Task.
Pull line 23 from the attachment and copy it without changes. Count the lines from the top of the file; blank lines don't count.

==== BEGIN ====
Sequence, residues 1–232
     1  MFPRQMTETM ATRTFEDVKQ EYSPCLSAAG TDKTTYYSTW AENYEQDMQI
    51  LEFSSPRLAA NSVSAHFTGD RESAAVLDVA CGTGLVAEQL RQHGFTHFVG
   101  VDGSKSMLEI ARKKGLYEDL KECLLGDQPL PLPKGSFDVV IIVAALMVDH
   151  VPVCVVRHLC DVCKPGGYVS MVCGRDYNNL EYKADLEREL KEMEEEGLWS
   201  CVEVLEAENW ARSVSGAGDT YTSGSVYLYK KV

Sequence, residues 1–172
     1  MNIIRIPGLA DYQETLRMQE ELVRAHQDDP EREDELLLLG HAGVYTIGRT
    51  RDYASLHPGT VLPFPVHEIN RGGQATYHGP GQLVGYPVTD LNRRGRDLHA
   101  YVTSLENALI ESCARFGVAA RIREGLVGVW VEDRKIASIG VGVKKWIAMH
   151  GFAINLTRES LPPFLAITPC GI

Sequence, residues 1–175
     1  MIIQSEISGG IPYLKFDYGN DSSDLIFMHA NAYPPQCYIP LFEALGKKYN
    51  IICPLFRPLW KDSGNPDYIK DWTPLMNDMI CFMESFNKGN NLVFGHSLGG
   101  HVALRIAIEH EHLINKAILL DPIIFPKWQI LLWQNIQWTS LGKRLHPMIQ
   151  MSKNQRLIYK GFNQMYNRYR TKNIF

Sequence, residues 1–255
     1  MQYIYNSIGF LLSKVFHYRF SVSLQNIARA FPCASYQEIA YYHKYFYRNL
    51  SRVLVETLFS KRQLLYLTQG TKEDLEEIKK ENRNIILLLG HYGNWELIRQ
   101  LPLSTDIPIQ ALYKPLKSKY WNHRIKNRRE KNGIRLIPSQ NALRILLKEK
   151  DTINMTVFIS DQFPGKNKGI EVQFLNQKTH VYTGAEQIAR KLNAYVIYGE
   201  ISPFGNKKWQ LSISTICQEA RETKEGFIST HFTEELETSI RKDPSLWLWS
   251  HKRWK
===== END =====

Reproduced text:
   251  HKRWK